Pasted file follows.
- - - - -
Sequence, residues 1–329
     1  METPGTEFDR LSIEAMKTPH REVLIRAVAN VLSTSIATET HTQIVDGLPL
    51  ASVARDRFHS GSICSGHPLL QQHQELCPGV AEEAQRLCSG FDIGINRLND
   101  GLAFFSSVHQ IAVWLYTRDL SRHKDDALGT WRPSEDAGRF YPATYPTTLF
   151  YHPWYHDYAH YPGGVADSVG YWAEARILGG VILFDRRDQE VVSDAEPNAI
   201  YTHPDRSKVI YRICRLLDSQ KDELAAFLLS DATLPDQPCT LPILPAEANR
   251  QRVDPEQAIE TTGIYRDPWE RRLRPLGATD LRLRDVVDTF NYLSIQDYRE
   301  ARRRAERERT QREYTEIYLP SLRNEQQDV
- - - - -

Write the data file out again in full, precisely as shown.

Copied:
Sequence, residues 1–329
     1  METPGTEFDR LSIEAMKTPH REVLIRAVAN VLSTSIATET HTQIVDGLPL
    51  ASVARDRFHS GSICSGHPLL QQHQELCPGV AEEAQRLCSG FDIGINRLND
   101  GLAFFSSVHQ IAVWLYTRDL SRHKDDALGT WRPSEDAGRF YPATYPTTLF
   151  YHPWYHDYAH YPGGVADSVG YWAEARILGG VILFDRRDQE VVSDAEPNAI
   201  YTHPDRSKVI YRICRLLDSQ KDELAAFLLS DATLPDQPCT LPILPAEANR
   251  QRVDPEQAIE TTGIYRDPWE RRLRPLGATD LRLRDVVDTF NYLSIQDYRE
   301  ARRRAERERT QREYTEIYLP SLRNEQQDV